El Salvador’s energy exports have experienced significant growth in recent months, with Honduras and Nicaragua being the primary destinations for the country’s energy. However, Guatemala and Costa Rica have also been making significant purchases, according to the Directorate General of Energy, Hydrocarbons, and Mines (DGEHM). The transactions reflect a constant dynamism in the Regional Electricity Market (MER), where Honduras and Nicaragua have emerged as the biggest buyers, followed by Costa Rica and Guatemala, while El Salvador and Panama demonstrate importer and exporter behavior.
The DGEHM Director, Daniel Alvarez, attributed the dynamism in exports to El Salvador’s achievement of having the most competitive prices in the region. He stated that the government’s investment in renewable energy in recent years has contributed to an increase in renewable energy generation, allowing El Salvador to be more efficient in the MER.
Alvarez clarified that exports are based on energy surpluses, prioritizing local demand. He also explained that when the country imports energy, it does not indicate a lack of generating capacity in El Salvador, but rather a shutdown of plants and importing the surplus from elsewhere.
The growth in energy exports is primarily due to El Salvador’s shift towards renewable energy, with 76% of the country’s energy being produced from renewable sources. The country has achieved this through public and private investment in constructing renewable energy plants and centers. The energy matrix of the country consists of 17.57% hydroelectric, 17.41% geothermal, 15.44% biomass, 6.91% solar, and 1.49% wind energy.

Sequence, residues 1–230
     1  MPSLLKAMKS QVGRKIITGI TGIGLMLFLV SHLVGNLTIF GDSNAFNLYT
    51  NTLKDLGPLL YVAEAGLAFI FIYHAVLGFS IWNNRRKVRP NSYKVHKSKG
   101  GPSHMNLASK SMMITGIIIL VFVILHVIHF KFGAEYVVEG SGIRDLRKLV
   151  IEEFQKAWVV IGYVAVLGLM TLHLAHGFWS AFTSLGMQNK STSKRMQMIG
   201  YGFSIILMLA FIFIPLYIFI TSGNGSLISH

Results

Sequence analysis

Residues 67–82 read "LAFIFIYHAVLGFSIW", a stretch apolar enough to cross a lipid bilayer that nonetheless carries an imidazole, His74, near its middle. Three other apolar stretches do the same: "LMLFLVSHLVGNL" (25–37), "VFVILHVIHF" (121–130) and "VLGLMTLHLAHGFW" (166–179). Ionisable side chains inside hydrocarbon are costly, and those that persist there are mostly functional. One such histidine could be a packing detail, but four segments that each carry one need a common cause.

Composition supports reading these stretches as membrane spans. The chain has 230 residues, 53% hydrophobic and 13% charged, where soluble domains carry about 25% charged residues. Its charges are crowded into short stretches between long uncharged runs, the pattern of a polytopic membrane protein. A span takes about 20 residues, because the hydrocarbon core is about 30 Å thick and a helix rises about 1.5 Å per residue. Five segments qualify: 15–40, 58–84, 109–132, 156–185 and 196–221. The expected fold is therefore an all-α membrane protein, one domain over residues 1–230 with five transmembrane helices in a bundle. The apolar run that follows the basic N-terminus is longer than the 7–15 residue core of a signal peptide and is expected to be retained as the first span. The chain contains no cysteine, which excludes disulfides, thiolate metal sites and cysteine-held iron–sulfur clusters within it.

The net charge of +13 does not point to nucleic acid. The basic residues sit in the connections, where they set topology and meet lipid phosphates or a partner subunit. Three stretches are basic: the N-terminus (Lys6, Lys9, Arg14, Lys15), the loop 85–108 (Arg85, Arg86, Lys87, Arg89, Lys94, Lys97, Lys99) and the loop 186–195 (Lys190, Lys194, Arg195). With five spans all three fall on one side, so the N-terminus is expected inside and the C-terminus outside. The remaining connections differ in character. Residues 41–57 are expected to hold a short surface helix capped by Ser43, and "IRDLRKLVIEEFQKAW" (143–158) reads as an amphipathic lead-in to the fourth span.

According to the Banco Central de Reserva (BCR), the energy sector grew by 14.4% in 2022, with energy exports increasing by a staggering 1,860%. El Salvador’s renewable energy generation totaled 58.82% as of March, where 34.98% was produced by the Comisión Ejecutiva Hidroeléctrica del Río Lempa (CEL) and LAGEO, according to the Directorate General of Energy.
The Salvadoran government has stated that it will continue to invest in renewable energy to maintain its position as a top energy exporter in the region. This includes constructing two new geothermal plants and the second government solar plant.
The Salvadoran energy sector’s growth is a positive sign of progress towards sustainable development and a cleaner environment, both domestically and for the wider region. The country’s efforts to increase renewable energy use have proven to be a catalyst for economic growth and a cleaner future, with Honduras and Nicaragua benefitting as top buyers of Salvadoran energy.